Museum Studies at Tufts University

Exploring ideas and engaging in conversation

Category: Museum Topics (page 3 of 13)

Special Tour Opportunity at the Tufts Art Gallery

Join a special tour at Tufts’ Art Gallery Thursday, April 14th, 5 – 6:30, related to interpreting violent histories. The current exhibition includes artwork by Marcelo Brodsky and Jorge Tacla addressing the legacy of violence in Argentina and Chile, in particular, and the tour will also include commentary by the Gallery’s Liz Cantor and Noe Montez, in Tufts’ Theater program. Dr. Montez’s new work is focused on survivor-tour guides at former torture sites in Argentina. He is exploring how traumatic history is performed for visitors, and he and Liz have devised a way to weave those issues into the exhibition tour.

If you’re interested, please send an RSVP to bridget.conley@tufts.edu

FREE Event: Museum Conversations: Curating Data/Challenging History

Museum Conversations: Curating Data/Challenging History

Date:

Monday, April 11, 2016, 6:30pm

Location:

Northwest Building, B-103, 52 Oxford Street, Cambridge, MA
Free event parking is available at the 52 Oxford Street Garage.

Left: Fred Wilson Photo by Andrew Walker; Right: Laura Kurgan

Fred Wilson, artist and Laura Kurgan, Associate Professor of Architecture, Graduate School of Architecture Planning and Preservation, and Director of the Center for Spatial Research and of the Visual Studies curriculum, Columbia University

In this year’s seminar on innovative curatorial practice, Laura Kurgan of Columbia University and artist Fred Wilson will, from different perspectives, reflect on their work to reimagine how museum exhibits present information, often by juxtaposing the unexpected to create new insights. Their short presentations will be followed by a moderated discussion.

Public Lecture. Free and open to the public.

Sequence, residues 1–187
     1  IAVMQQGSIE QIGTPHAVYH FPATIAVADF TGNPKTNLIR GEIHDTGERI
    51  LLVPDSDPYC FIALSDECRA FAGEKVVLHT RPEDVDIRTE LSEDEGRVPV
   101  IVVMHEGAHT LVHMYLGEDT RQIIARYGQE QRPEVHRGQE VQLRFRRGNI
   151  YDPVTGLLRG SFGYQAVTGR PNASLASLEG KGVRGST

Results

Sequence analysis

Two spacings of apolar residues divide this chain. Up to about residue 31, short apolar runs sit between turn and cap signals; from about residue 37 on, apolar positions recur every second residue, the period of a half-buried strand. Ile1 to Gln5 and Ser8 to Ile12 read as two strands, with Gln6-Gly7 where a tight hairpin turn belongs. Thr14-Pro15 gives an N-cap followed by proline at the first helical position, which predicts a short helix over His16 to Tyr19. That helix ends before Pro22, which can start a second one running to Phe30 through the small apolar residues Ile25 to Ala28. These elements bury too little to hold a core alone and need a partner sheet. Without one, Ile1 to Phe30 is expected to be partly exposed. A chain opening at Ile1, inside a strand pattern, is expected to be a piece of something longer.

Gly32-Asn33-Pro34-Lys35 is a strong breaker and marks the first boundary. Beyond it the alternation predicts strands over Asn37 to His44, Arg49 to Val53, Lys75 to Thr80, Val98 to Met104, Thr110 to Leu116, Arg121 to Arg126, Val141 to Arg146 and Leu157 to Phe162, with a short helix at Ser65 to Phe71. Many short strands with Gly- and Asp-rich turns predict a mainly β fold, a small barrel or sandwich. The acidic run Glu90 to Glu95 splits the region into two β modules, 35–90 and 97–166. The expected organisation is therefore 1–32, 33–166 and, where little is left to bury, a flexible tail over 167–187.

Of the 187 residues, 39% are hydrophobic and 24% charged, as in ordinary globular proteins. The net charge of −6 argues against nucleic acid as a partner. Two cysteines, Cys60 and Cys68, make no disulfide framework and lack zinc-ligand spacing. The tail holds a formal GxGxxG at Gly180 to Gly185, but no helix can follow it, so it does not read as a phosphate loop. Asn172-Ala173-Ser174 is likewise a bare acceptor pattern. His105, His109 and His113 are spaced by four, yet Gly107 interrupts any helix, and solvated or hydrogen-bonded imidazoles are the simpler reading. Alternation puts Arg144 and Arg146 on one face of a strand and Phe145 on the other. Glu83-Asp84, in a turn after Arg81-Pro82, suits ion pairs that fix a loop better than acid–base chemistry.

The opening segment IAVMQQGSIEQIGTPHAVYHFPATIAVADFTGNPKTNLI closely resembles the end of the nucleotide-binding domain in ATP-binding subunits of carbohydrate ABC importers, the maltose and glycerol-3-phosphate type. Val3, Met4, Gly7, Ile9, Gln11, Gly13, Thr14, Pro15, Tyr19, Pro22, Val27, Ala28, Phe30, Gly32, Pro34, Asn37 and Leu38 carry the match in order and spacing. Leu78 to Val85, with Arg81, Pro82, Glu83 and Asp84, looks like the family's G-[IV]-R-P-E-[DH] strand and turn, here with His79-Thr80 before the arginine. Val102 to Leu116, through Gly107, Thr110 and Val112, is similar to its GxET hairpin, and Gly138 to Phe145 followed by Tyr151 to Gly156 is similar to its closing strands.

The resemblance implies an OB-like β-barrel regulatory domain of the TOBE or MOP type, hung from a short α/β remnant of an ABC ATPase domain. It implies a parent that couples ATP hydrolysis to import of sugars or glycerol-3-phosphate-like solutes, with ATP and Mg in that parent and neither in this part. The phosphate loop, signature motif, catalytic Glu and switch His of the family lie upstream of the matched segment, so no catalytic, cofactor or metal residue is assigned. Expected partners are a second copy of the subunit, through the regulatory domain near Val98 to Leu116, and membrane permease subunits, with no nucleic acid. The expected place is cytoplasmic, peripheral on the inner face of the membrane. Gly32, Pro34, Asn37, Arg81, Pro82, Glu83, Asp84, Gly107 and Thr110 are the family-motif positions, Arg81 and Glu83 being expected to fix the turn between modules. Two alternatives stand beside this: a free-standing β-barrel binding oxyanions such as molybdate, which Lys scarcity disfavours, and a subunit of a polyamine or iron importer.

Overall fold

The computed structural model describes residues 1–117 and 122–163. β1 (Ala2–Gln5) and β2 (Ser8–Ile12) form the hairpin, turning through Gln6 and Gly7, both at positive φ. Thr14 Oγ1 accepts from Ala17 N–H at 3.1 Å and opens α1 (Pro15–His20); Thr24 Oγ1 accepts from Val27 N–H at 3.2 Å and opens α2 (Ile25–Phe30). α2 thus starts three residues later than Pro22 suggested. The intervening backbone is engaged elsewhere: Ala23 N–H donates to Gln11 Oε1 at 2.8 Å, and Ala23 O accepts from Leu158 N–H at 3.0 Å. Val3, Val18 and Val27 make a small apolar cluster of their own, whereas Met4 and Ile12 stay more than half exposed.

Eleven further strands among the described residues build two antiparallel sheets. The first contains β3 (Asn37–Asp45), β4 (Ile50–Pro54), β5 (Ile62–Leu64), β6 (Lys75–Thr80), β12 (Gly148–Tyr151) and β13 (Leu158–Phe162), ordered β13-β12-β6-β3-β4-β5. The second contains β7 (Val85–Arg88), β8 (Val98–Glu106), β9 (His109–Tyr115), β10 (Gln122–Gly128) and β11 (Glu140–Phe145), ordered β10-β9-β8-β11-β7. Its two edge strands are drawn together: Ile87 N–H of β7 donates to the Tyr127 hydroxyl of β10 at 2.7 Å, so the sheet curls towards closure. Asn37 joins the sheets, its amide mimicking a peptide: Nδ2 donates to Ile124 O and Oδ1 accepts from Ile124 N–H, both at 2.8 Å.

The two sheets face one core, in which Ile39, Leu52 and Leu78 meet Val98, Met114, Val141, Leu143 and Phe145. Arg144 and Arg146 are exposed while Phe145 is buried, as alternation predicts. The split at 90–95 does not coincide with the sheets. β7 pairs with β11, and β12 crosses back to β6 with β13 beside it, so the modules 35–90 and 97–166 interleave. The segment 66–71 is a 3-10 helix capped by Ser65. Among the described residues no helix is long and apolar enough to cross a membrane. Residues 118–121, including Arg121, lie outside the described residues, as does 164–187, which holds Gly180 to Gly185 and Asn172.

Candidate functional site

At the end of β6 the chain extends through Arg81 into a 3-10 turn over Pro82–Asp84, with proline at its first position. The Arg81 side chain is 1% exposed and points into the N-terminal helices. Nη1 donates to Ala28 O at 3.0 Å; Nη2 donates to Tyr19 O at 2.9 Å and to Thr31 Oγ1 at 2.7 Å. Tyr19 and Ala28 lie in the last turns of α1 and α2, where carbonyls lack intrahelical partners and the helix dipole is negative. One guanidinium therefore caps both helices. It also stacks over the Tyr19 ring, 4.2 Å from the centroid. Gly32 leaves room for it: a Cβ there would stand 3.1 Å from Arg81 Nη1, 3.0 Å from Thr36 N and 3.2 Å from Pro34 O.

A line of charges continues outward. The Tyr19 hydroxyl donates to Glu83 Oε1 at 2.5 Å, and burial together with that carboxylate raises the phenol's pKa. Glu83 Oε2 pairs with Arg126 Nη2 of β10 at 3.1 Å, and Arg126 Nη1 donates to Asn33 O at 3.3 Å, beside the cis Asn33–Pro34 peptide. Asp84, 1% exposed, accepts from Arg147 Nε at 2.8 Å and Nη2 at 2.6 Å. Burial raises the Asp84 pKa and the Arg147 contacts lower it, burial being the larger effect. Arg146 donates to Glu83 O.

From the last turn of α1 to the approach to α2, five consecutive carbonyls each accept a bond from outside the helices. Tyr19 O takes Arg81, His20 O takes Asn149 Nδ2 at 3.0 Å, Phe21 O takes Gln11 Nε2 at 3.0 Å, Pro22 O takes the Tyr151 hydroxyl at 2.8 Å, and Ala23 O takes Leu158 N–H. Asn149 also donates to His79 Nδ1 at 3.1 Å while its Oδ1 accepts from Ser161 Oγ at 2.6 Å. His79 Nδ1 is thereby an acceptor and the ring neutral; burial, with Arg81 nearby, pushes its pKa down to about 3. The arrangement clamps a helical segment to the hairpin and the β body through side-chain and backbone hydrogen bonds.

Co-sponsored by the Harvard Museums of Science & Culture and the Harvard Art Museums as part of the Harvard Museums’ Seminar on Innovative Curatorial Practice

Keep Up Those Connections

Today’s post was written by Ken Turino, Manager of Community Engagement and Exhibitions at Historic New England, and a Tufts professor. Ken is currently co-instructor of the Tufts courses Exhibition Planning and Revitalizing Historic House Museums. Here he offers insights to career development and shares stories from his own fascinating path.

Over the years, I have found networking to be a great way to stay in touch with classmates, colleagues, and Tufts students. You often don’t know where these connections may take you so it is important to keep them up. Thirty-four years after completing graduate school, I am still in touch with my professor, the head of the Museum Education Program at George Washington University and over the years she has served as a reference for me and we have co-written an article together for History News, gotten together at conferences, and socialized. These many years later I am still in close contact with several of my classmates (we rented a castle together in Scotland for a big birthday two summers ago).  Over the years, we have offered each other support and advice. Some have left the field but our experience together has bonded us, and we have used each other as consultants for projects, sounding boards, and served as references for each other.

It is also important to keep up your further education which leads you to new contacts.  In my case, the contacts I made while attending The Seminar for Historic Administration, led many years later to my current job at Historic New England. One of my GW classmates and I participated in the seminar and I became friendly with one of the faculty, Bill Tramposch. Subsequently, I had him speak for the Museum Education Roundtable in Washington, DC, and we kept up over many job changes in both our careers. I even visited him when he ran the New Zealand Historic Places Trust. Subsequently, he came to Historic New England and asked me to come work with him to create an Exhibitions Program. Although I was director of my own museum, this was an opportunity I could not pass up on.

The point is these connections can lead you in many different paths but you have to keep them up and yes this takes effort but the benefits can be both personal and professional. I am happy to pass on job announcements, internship opportunities, etc. to my friends, colleagues and students. You should too. I have found our museum community particular warm and inviting. So go to the national and regional conferences and talk with people, keep up with your professors and classmates, take seminars and make new acquaintances. All are a great way to make new connections and keep up older acquaintances. It paid off for me.

Museums in the News: Shell and The London Science Museum